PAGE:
Davila v. Mumford - 65 U.S. 214 (1860)
U.S. Supreme Court
Davila v. Mumford, 65 U.S. 24 How. 214 214 (1860)
Davila v. Mumford
65 U.S. (24 How.) 214
The statute of limitations of Texas provides in its fifteenth section,
"That every suit to be instituted to recover real estate, as against him, her, or them in possession under title or color of title shall be instituted within three years next after the cause of action shall have accrued, and not afterwards, but in this limitation is not to be computed the duration of disability to sue from the minority, coverture, or insanity of him, her, or them, having cause of action. By the term 'title' as used in this section is meant a regular chain of transfer from or under the sovereignty of the soil, and 'color of title' is constituted by a consecutive chain of such transfer down to him, her, or them in possession, without being regular, as if one or more of the memorials or muniments be not registered, or not duly registered, or be only in writing, or such like defect as may not extend to or include the want of intrinsic fairness and honesty, or when the party in possession shall hold the same by a certificate of head right, land warrant, or land scrip, with a chain of transfer down to him, her, or them in possession and provided that this section shall not bar the right of the government."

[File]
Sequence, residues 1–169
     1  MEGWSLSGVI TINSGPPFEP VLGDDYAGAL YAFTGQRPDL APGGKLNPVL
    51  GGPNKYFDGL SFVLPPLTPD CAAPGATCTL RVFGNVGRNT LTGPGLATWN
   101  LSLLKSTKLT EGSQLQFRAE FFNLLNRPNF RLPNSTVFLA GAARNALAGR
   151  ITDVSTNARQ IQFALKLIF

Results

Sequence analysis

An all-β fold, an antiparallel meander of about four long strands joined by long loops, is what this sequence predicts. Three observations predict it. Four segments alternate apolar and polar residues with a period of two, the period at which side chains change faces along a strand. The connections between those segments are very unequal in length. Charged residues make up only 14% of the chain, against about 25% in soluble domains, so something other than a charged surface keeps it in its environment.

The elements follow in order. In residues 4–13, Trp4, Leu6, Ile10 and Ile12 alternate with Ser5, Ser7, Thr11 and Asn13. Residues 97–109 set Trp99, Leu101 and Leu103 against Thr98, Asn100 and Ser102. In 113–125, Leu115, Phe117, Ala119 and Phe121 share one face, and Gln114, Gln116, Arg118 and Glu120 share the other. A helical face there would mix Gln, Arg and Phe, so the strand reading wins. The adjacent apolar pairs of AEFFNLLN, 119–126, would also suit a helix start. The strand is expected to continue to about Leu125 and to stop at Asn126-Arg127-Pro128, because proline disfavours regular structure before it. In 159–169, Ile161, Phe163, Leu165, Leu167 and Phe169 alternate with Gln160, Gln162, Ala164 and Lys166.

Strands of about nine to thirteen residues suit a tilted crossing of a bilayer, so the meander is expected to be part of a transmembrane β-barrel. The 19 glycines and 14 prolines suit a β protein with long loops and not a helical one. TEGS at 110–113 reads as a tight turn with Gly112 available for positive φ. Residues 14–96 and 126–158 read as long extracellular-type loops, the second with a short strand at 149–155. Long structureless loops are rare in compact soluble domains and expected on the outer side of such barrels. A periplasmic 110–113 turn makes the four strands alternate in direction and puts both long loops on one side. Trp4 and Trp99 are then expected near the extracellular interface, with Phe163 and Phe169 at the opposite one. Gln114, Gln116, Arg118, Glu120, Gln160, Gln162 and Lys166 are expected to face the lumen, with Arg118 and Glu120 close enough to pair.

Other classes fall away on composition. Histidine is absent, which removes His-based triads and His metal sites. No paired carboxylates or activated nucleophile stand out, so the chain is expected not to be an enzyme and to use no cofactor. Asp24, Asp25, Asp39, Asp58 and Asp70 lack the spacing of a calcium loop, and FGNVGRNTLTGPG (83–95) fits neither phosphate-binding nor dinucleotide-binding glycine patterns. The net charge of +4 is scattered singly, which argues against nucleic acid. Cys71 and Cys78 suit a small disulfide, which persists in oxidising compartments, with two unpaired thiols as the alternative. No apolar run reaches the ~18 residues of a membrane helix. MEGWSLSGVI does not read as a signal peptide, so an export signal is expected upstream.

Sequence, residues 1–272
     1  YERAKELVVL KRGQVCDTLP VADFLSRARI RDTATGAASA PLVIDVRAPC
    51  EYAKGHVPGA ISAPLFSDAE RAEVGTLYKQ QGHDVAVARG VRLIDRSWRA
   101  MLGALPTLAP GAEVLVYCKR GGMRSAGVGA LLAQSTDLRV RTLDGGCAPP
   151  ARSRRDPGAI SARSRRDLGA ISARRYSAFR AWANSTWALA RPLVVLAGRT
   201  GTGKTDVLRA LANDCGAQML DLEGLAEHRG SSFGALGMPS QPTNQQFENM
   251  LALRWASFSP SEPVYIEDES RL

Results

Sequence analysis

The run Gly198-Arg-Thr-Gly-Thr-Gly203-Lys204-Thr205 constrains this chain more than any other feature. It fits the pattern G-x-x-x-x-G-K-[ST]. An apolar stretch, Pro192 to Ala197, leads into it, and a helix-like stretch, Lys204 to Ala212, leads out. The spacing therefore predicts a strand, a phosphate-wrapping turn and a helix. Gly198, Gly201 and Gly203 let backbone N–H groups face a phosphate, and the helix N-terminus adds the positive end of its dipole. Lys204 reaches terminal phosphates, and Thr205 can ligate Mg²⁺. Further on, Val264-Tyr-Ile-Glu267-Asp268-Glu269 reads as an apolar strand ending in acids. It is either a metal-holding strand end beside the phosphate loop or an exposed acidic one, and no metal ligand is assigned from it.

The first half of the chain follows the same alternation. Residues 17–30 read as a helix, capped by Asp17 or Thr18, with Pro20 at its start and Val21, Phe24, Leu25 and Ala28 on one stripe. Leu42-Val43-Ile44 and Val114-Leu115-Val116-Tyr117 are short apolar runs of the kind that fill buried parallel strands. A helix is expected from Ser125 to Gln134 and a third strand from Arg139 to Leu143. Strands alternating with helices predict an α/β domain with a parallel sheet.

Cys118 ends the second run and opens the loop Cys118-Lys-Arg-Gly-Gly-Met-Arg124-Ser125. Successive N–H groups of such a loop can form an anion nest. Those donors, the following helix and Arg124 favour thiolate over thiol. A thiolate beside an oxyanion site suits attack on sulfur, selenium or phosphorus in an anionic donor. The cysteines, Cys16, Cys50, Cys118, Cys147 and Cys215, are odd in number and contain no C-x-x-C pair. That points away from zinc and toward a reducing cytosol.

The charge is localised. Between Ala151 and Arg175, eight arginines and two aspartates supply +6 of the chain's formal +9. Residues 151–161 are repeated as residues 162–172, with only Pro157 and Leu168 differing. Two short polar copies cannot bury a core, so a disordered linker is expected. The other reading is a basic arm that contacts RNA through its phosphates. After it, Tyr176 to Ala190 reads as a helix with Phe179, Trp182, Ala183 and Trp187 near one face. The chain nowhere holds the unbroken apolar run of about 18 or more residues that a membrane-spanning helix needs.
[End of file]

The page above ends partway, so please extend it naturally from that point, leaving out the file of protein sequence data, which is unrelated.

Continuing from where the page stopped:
And the sixteenth section provides
"That he, she, or they who shall have had five years like peaceable possession of real estate, cultivating, using, or enjoying the same, and paying tax thereon, if any, and claiming under a deed or deeds duly registered, shall be held to have full title, precluding all claims, but shall not bar the government, and, saving to the person or persons having
superior right and cause of action, the duration of disability to sue arising from nonage, coverture, or insanity."
The construction of the fifteenth section is this: that although the elder title was on record, the constructive notice thereof to the holder of the junior title was not sufficient to charge the latter with a "want of intrinsic fairness and honesty," so as to prevent the bar of the statute from running.
The sixteenth section commented on, but its meaning not definitively adjudged. An act of the Republic of Texas cured whatever defects existed in the power of the commissioner who issued the grants to the defendants.
The principal question in the case was the construction of the statute of limitations passed by the State of Texas, which is discussed in the opinion of the Court, and need not be stated in this place.